Securing Remote Work

The coronavirus pandemic forced many businesses around the world to adopt remote work security policies almost overnight. Now, even as some cities and states across the country start to loosen restrictions and allow business operations to return to normal, some companies are choosing to stick with remote work as a permanent option for their workers.

Adopters of this trend include Silicon Valley companies like Facebook and Twitter, but businesses of all shapes and sizes are realizing that business can proceed more or less as “normal” even when working from home. One of the biggest challenges of this transition is implementing security standards to govern a new remote workforce.

What Changes When Workers Leave the Office

Remote work arrangements can offer clear benefits and flexibility to your employees, as well as help your business reduce overhead in the form of office rent and other related expenses. But it also opens the door to chaos if remote security measures aren’t put in place.

Remote work presents an entirely new set of challenges that businesses haven’t faced when workers were located in an office. Wi-Fi networks were easy to secure, endpoints were managed on the company’s premises, device access to business assets and properties was easier to restrict, and security messaging and reminders were easier to dispense.

Once employees go remote, the company’s control of cybersecurity is put to the test. But this work arrangement can still be managed by identifying the top security concerns and implementing protocols and safeguards to address these new challenges.

Top Remote Work Security Issues

If companies want to embrace remote work options for their employees, they need to take a proactive approach to addressing security issues before those vulnerabilities are exposed through a breach. Top security issues include the following:

  • Public or unsecured Wi-Fi networks. One of the easiest ways to hack into your company’s private assets is to set up a presence on a network that isn’t properly secured. This includes Wi-Fi networks in coffee shops, as well as home networks that haven’t been secured through encryption.
  • Using devices, software, and apps that haven’t downloaded the latest updates. Many of these updates deliver security patches and other updates to help prevent a security breach.
  • Using a personal device for business purposes. Although there are ways to use personal devices safely, businesses must implement security measures and train employees on how to provision personal activities and apps from business solutions.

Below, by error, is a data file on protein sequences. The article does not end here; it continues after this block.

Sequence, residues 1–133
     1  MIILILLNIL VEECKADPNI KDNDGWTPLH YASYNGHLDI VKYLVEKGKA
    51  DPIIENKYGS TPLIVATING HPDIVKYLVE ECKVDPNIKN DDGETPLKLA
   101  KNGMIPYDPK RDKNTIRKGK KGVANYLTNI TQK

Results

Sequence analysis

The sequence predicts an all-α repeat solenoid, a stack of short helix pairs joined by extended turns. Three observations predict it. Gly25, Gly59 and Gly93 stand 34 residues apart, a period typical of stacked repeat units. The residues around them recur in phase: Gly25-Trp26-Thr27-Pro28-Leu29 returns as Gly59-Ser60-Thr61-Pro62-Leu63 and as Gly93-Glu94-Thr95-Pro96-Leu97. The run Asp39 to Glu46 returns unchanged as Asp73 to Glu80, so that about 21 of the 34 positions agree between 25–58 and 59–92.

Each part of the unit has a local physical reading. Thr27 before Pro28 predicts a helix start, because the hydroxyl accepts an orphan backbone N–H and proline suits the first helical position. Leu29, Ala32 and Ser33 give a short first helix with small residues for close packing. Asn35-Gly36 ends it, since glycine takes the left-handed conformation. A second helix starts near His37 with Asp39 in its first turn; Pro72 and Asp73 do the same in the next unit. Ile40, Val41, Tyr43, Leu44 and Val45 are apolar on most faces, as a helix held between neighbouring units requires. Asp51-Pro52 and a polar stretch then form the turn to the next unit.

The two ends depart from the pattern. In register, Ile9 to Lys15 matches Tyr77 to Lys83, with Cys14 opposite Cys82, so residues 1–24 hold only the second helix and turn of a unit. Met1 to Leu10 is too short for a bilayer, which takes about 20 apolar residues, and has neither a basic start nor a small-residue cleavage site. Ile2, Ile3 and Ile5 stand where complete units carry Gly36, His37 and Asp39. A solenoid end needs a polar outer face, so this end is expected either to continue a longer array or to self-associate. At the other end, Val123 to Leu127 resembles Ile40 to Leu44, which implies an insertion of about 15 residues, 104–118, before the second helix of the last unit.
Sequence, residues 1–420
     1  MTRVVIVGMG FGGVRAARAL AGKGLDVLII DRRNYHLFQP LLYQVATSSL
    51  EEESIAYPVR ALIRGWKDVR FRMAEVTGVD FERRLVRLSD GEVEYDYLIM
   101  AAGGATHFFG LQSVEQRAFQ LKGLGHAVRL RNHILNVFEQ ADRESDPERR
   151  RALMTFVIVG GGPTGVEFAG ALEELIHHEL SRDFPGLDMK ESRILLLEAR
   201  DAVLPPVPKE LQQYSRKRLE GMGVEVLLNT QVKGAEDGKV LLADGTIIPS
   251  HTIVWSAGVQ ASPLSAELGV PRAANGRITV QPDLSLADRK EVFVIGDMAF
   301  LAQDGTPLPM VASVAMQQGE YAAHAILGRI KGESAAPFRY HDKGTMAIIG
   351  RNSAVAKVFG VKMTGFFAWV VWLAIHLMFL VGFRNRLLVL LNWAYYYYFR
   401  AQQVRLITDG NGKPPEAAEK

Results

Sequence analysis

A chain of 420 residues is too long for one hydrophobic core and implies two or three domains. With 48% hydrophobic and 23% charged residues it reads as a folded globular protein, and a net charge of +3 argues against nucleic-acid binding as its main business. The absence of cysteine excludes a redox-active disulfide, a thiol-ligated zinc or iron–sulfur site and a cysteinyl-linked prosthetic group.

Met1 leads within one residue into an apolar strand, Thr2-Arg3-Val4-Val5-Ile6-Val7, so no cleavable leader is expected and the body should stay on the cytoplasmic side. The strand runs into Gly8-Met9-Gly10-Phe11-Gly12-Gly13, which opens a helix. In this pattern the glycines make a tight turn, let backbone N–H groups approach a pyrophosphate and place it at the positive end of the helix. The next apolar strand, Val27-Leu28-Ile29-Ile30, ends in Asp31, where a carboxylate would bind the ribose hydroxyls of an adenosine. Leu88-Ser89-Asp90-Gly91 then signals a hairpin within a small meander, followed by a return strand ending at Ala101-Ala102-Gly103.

Oftentimes, the causes for security breaches are caused by simple mistakes or lapses in judgment. Companies can help mitigate these vulnerabilities through a mix of protocols and security solutions designed specifically for remote workers.

Safeguards to Implement with Remote Workers

If you’re implementing a remote work policy for the first time, make sure you take these essential security steps:

  • Instruct employees to secure their home networks through an encrypted password. Remind them to change any passwords from the default password offered on some devices, which offers hackers an easy path around this security measure.
  • Train employees on how to use a VPN if they’re using an unsecured network. If public or unsecured networks are the only option, a virtual private network (VPN) can provide the security employees need to keep security threats at bay.
  • Educate employees on the importance of installing software patches and app updates. Uninstalled security updates are one of the easiest ways for hackers, malware, and other security threats to gain access to your company’s system.
  • Use corporate software and resources to send email and to store and share data and assets. Even if workers are using personal devices, it’s smart to have those devices provisioned so that corporate documents and assets aren’t being stored on a personal Google Drive account. Stick to the encrypted and secured corporate resources already managed by IT, such as corporate email and chat platforms, cloud-based storage, and other secure project management and collaboration tools.
  • Adopt a remote work security solution that can secure endpoint devices and manage corporate data. A remote security solution can provide comprehensive security coverage through a wide range of control measures, such as managing authorizations and flagging suspicious activity.

As remote work becomes more common, the benefits are becoming even more obvious and appealing to businesses. But the efficiency and value of remote work can only be leveraged when you’re able to ensure consistent security across your remote workforce.

Looking for more tips on improving security for remote workers? Check out our free webinar, “Securing Remote Work.”